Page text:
Fourth of July celebrations are already becoming faded memories, but what remains for me is a sense of dissatisfaction with our community and its identity.

Woven into the fabric of today’s political rhetoric lie arguments over immigration, separation of children from their parents, violence in schools, gun rights, trade wars and minority rights. In our own city of Waterville the mayor has just barely survived an ouster in a referendum after making tactless and improper statements. The city is as divided as the nation as a whole.

I was fortunate enough to attend a naturalization ceremony last month in which 25 immigrants were welcomed as new United States citizens. In that gathering of diversity there was a sense of unity and commonality greater than I have experienced in a long time. Each new citizen, when receiving the citizenship document, was also presented with a small American flag. The joy was palpable.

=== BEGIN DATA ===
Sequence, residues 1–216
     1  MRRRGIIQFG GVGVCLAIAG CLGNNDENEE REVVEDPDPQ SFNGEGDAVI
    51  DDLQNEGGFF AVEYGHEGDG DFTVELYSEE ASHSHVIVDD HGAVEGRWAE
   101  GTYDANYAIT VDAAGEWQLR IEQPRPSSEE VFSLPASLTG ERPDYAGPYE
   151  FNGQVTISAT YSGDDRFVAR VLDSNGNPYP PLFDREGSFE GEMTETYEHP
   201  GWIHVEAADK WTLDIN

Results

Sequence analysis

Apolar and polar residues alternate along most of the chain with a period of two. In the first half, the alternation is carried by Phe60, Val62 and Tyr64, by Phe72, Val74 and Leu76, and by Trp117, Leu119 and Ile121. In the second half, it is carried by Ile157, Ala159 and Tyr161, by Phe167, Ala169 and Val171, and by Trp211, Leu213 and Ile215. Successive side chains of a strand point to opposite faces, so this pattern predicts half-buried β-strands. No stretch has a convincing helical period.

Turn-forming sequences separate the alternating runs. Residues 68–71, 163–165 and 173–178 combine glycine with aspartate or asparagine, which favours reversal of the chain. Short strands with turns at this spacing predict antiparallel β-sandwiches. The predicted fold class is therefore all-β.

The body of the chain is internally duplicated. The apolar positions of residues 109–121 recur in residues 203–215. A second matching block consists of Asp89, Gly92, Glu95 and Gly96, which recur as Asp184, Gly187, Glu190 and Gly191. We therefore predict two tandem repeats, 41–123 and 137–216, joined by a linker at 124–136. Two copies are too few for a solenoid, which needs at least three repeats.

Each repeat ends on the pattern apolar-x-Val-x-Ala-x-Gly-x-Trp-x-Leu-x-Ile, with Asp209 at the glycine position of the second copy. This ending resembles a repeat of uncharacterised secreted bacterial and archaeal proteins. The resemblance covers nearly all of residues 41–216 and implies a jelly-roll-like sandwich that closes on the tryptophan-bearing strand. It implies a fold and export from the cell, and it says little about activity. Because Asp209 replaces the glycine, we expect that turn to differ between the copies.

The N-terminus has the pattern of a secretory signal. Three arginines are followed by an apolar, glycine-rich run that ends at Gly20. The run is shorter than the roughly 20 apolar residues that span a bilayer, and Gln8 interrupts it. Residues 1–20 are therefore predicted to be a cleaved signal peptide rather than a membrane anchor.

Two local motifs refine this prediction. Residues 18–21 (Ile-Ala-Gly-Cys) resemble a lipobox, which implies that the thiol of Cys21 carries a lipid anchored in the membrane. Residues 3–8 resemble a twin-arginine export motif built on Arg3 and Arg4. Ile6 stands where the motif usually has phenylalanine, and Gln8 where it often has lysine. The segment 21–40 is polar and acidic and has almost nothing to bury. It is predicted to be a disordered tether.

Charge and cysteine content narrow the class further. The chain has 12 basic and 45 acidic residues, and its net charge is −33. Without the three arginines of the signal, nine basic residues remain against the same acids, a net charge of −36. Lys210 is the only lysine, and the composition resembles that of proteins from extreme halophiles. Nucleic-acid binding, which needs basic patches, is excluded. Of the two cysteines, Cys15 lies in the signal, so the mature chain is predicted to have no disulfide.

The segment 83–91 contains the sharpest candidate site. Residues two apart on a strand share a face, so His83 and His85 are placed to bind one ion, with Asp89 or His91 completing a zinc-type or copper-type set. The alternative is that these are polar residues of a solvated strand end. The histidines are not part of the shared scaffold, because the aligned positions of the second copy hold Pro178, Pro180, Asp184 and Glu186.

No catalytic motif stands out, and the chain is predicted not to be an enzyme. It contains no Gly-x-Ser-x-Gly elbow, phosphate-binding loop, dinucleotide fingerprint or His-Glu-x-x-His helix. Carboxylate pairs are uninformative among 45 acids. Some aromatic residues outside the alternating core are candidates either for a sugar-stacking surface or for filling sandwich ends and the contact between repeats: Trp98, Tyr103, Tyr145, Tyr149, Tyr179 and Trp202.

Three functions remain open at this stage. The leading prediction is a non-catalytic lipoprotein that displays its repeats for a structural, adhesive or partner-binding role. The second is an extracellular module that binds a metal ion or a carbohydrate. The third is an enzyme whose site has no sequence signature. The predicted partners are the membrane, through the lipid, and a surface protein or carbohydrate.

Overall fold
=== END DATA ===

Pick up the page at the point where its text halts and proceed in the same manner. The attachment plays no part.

And so I reflected as I walked the streets of Waterville on the Fourth of July. In this country filled with citizens lucky enough to have been born here, there seem to be only a few who are willing to show their pride in our nation by flying the flag. On the typical Waterville street there were an average of only two homes flying the American flag: And this on the fourth of July.

My hope is that there will be a time again when we will all fly the flag. Let citizens consider the act of displaying the American flag to be a natural and beautiful act, an act devoid of political rancor but filled with real patriotism.

Joe Schmalzel


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